The legal battle against the Internal Security Law

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 Façade of the Mexican Supreme Court of Justice 
 Picture: www.scjn.gob.mx

After the approval of the Internal Security Law, the legal battle began with the aim of repeal it, considering that it violates the human rights of Mexican citizens.

The Mexican Supreme Court of Justice accepted 8 Constitutional Controversies against the Internal Security Law filed by the municipalities of Nezahualcóyotl, Ocuilan and Cocotitlán, State of Mexico; of Hidalgo del Parral, Chihuahua; of the Yucatecan municipalities of Oxkutczab, Tepakan and Hoctun, and San Pedro Cholula, Ahuacatlán and Tepeyahualco in the state of Puebla. The reason given by the municipalities was that the rule invades their sphere of competence in the area of public security.

In addition, the Court accepted four Actions of Unconstitutionality filed by: 1) the National Human Rights Commission (CNDH), 2) Minority Deputies, 3) Minority Senators and 4) National Institute for Transparency, Access to Information and Protection of Personal Data (INAI). The arguments presented were that the law contravenes the human rights set forth in the Constitution, including the privacy of individuals, since the military may have access to their personal information under the argument of internal security.

Both the actions of inconstitutionality and the controversies were accumulated due to the existence of identity with respect to the shared decree, that is, all the resources will be combined in the same project.

Once the actions of unconstitutionality and controversy are admitted by the Supreme Court, it is decided whether to inform the two chambers or, because of the importance of the issue to the plenary. A rapporteur minister is assigned, who will notify the responsible authorities (in this case, the Congress of the Union and the President of the Republic) so that, within a certain period of time, they can answer the action, allege and offer proof.

Following this, the rapporteur minister draws up a draft resolution circulating among the other ministers, which is then discussed collectively. The draft resolution will declare the Constitutionality of the law or not, in case it is declared unconstitutional, the law will lose its validity. This procedure will take between 2 months and 3 months due to the importance of the matter.

More info in spanish:

El Universal

HuffingtonPost

#SeguridadSinGuerra: the movement against the new Mexican Internal Security Law

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The #SeguridadSinGuerra (#SecurityWithoutWar) collective, formed by social organizations, citizens and activists, has been one of the strongest voices against the Internal Security Law.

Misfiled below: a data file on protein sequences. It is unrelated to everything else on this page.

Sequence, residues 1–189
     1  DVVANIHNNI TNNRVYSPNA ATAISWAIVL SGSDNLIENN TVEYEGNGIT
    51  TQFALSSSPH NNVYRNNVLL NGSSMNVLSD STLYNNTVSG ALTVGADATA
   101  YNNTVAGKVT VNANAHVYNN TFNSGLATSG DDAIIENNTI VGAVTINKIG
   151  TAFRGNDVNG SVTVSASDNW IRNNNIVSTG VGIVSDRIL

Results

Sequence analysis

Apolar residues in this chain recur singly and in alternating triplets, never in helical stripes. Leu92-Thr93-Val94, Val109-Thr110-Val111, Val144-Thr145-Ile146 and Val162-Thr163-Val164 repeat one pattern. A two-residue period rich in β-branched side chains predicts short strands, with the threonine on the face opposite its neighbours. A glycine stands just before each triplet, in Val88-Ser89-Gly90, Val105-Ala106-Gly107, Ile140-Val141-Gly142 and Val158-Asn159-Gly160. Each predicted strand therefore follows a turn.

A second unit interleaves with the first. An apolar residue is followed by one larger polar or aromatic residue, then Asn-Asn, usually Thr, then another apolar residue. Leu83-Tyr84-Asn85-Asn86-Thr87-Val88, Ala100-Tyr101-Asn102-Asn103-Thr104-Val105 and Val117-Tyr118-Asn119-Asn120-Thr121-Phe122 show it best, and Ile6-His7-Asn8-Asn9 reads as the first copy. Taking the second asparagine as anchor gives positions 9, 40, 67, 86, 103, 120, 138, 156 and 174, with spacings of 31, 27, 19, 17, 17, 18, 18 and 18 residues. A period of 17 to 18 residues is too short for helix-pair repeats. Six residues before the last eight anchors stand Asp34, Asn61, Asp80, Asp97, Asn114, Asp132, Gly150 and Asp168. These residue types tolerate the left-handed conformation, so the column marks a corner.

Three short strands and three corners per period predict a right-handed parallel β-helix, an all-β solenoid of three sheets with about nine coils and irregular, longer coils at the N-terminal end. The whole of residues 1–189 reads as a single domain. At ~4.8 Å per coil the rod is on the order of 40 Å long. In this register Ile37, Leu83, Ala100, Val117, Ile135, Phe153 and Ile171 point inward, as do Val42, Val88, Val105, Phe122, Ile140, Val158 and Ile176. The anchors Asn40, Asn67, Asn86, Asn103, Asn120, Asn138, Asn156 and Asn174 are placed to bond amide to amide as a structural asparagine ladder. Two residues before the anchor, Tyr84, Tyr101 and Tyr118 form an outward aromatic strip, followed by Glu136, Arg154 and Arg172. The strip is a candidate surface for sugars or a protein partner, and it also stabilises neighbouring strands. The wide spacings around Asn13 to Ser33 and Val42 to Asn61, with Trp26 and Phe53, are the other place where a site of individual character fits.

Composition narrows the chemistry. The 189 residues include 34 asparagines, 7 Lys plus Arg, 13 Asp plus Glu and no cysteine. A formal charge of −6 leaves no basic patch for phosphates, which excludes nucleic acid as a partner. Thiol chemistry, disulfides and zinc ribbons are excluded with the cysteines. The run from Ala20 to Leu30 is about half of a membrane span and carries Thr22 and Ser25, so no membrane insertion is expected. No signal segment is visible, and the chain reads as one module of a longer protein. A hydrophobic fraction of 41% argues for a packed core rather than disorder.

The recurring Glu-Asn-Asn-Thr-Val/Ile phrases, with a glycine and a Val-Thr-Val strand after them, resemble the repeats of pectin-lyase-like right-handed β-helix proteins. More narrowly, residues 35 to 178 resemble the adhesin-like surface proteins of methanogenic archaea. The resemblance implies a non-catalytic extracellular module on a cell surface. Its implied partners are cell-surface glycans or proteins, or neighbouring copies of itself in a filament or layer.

According to the movement, “normalizing the intervention of the Mexican Army in police work would contribute to perpetuate the situation of violence that we seek to reverse”. They argue that it is the state level governments who have the obligation to form effective police corporations that guarantee our security and avoid resorting to the service of the Armed Forces.

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They also pointed out that biggest threats of this new law are:

  1. Gives the Armed Forces powers of policing, such as allowing them “preventive” actions at their discretion.
  2. It does not generate controls to verify respect for human rights, it only mentions that “they will be respected”.
  3. It allows the Federal Forces – including the military – to intervene against social protests if they believe they are not peaceful.
  4. Poor regulation of the use of force; it refers to deficient and unsupervised protocols.
  5. It attacks transparency by determining that all information on internal security measures will be confidential.
  6. It does not impose a time limit on internal security problems
  7. It does not oblige state and municipal authorities to strengthen their civilian police officers in time and according to specific goals
  8. Promotes military intervention in civilian intelligence areas.
  9. It does not establish robust checks and balances; it only talks about the Secretary of the Interior sending a report to the Bicameral Commission of the Congress of the Union.
  10. The use of vague definitions allow everything to fit into the figure of “internal security”.

More info about #SeguridadsinGuerra

 

 

Briefing note on events related to disappearances in Mexico from February 5 to March 5, 2015

March 9, 2015. DuringNormalAyotzinapa-compartimos-el-dolor-a the month of February, Mexico’s General Prosecutor’s Office (PGR) attempted to close the case of the 43 disappeared students of Ayotzinapa by arguing that, based on the testimonies from witnesses and evidence gathered in a landfill site in Cocula Guerrero, the students were incinerated by the criminal group Guerreros Unidos. The Argentine Forensic Team questioned this as they were not present during the collection of evidence in Cocula. The Forensic Team was also concerned about the possible manipulation of evidence in order to fit the PGR’s conclusions. Academics from Mexico’s National University also question the PGR’s argument and indicated that the physical evidence provided by the former contradicts the incineration argument. According to these experts, the burning of bone tissues requires special equipment, which was not available in the landfill site. Continue reading